NEW YORK — It has been 20 years since Susanne kissed me goodbye on her way to work that included a business trip to Paris. 20 years since TWA Flight 800 took off out of JFK, and that red and white Boeing 747 rained back down in pieces.
Last year on July 17th, the press was there camped out in the sand. The ambitious crews were shuffling at the water’s edge—cameras and microphones in hand, pants legs rolled-up above bare feet. I carried a pair of carnations to the ocean’s edge, just like I did the first time 19 years before, at the first memorial service for Susanne and the rest of the 230 victims.
And like before, various media outlets were trying to capture my grief along with the other mourners for the passengers and crew whose lives ended in a fireball offshore Smith Point, Long Island.
I had mixed feelings about the press attendance. Grief is a difficult-enough emotion without a potentially unlimited audience peering at me through up-close camera lenses. But the news crews were also there to do some good.
The memorial site needs additional funding to maintain it, so the exposure would be good for soliciting donations. Also, I feel strongly that the truth behind TWA 800’s demise still needs to be revealed—so I allowed them to capture my raw moment, and accepted the resulting lack of privacy.
Like the evening it happened, the sky was mostly clear and the sun was setting. The cameramen were taking advantage of the magic hour when the daytime glare was gone, and there was still enough ambient illumination so that artificial lighting wasn’t necessary. My polarized Maui Jim sunglasses were hooked on the collar of my T-shirt since they were no longer needed to defend the day’s strong rays.
Those sunglasses are mentionable because they were my late fiancée Susanne’s—or at least the initial replacement for the pair she carried with her to her premature end. She’d bought them shortly before her final-flight demise, and they’d caused quite a discussion between us.
Me: Could I wear them?
Her: No, you break or lose every pair you own.
Me: They’re rather expensive, can we afford them right now?
She looked at me unsure. All of our combined finances were out in the open as we attempted to qualify for the Connecticut house we were trying to buy together.
I worried those sunglasses were an extravagance at the time, but Susanne loved wearing them. They shielded her Danish blue eyes, and the stems disappeared into her long Scandinavian blonde hair. Ultimately those sunglasses came to me, mangled in an all-too-real representation of her final fatal moments, sealed in a clear FBI evidence bag along with the rest of her onboard belongings. Imagine opening the personal effects of your most loved one after they have spent a week in 140 feet of salt water, and then been sealed in a plastic ‘evidence’ bag.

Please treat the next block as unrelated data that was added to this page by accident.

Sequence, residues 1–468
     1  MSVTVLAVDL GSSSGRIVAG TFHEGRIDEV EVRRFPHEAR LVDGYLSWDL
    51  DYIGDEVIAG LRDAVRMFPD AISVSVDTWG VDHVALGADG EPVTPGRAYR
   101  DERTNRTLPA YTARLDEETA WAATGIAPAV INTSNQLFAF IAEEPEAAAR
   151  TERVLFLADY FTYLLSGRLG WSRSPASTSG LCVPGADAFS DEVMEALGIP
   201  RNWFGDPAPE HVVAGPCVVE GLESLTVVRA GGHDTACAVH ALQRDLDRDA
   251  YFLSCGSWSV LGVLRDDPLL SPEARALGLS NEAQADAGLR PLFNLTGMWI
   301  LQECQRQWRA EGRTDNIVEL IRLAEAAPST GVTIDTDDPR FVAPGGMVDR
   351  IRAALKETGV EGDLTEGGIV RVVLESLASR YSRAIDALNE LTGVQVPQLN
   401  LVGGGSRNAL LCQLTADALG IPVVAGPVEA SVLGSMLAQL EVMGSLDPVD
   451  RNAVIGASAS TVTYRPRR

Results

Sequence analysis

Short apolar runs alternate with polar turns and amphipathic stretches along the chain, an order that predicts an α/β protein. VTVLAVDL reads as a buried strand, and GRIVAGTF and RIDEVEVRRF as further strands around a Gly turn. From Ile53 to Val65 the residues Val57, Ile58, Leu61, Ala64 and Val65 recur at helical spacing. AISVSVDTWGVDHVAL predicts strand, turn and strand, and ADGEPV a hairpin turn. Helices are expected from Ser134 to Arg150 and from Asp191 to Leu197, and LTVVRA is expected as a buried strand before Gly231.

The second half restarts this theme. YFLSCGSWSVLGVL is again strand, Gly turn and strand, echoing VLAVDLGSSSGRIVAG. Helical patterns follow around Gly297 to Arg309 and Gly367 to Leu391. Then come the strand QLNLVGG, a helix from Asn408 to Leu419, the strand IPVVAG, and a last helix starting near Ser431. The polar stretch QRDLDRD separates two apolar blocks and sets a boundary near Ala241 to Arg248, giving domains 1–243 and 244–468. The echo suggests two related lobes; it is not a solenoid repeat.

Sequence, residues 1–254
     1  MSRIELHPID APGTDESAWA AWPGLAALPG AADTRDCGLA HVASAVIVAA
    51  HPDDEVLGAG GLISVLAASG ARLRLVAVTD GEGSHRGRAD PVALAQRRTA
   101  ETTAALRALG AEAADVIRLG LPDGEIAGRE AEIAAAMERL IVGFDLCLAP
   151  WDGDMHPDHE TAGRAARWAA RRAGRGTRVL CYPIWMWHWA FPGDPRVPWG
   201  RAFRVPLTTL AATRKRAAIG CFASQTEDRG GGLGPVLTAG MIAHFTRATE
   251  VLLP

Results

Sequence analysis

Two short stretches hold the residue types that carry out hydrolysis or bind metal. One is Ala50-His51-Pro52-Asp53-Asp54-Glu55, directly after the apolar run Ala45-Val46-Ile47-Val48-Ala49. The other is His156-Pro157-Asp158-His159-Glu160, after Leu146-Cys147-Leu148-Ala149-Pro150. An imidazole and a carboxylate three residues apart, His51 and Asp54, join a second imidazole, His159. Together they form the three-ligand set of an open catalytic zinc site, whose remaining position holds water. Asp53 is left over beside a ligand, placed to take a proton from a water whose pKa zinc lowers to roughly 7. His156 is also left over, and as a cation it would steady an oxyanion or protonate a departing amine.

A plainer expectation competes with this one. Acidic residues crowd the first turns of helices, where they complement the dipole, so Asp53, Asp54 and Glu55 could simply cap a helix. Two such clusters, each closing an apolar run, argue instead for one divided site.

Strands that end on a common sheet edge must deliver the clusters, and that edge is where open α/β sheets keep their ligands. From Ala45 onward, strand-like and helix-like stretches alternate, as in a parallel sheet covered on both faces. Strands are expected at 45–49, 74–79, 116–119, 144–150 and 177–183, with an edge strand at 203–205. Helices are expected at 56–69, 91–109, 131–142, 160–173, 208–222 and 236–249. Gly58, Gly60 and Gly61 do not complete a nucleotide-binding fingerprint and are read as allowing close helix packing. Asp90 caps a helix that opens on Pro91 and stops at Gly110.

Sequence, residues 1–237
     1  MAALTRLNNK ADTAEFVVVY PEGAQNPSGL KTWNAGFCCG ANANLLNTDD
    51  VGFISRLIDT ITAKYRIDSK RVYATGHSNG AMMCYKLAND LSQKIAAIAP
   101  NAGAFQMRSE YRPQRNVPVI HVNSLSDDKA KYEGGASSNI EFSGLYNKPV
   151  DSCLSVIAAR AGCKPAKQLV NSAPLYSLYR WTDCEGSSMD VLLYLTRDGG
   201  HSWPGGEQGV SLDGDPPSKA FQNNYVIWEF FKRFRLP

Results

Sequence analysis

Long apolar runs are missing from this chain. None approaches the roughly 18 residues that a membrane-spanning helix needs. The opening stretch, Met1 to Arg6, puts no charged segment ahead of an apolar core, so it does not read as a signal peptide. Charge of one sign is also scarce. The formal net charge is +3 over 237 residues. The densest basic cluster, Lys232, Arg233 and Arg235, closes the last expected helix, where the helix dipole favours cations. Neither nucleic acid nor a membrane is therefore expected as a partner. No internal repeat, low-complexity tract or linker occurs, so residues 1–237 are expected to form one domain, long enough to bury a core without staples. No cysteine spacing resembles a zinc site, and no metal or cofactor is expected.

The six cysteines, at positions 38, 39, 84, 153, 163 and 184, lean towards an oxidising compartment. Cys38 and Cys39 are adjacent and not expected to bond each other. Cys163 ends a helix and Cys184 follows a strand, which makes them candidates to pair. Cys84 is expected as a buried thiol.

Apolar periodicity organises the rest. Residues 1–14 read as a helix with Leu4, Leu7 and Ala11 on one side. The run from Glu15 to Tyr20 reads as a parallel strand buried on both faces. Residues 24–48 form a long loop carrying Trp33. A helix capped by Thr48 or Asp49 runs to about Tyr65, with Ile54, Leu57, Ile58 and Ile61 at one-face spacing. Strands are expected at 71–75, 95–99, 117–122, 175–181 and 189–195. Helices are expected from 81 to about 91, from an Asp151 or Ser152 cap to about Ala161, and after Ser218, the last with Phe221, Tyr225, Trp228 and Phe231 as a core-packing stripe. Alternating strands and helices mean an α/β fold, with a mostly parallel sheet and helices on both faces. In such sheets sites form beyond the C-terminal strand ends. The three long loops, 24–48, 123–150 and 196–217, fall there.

I once tried talking out loud to her post-mortem, during a grief-releasing moment of levity: And you think I don’t take care of my sunglasses? She didn’t answer, even inside my head.
The store that sold those sunglasses to her refused to replace them when I visited. The damage wasn’t a result of their workmanship. When I subsequently discarded them, that simple act unraveled me. It became my unexpected moment of truly letting go of her.
Years later I described that sudden grieving experience, and Maui Jim corporate relations eventually responded with a more favorable outcome than my retail store experience: they replaced her sunglasses along with a sincere note of sympathy. The new pair became a part of Susanne that I could once again hold onto, and then I wore them for her for many years.
Perhaps Susanne didn’t want me to have the last laugh. Perhaps there is still some poetry to her life beyond her living years. Or, perhaps my ability to care for eyewear simply has never improved beyond the days when she accused me of breaking or losing every pair I owned. Those Maui Jim sunglasses were still hooked to the neck of my T-shirt when I waded into the surf with carnations in hand and the press in tow.
The flowers split apart as I threw them into the waves as hard as I could, once again symbolizing the release of my grief as I let go of my offering into the ocean; but I did not yet fully grasp the scope of what was really happening, as much as I thought I did.
As I waded back out of the foam from the breaking waves, a Newsday reporter asked me how I felt. I tried explaining that sending flowers into the surf was like letting go all over again—a symbolic act of honoring a burial at sea, much like shoveling dirt into a grave on land. But only then I realized this was also how I once felt while discarding Susanne’s original mangled Maui Jim sunglasses into a trash can, and I reached for their replacement pair that should have been at my neck.
They were gone. They had flown free into the waves during the exertion of my floral goodbye. Either Susanne, or the sea, had once again reclaimed them.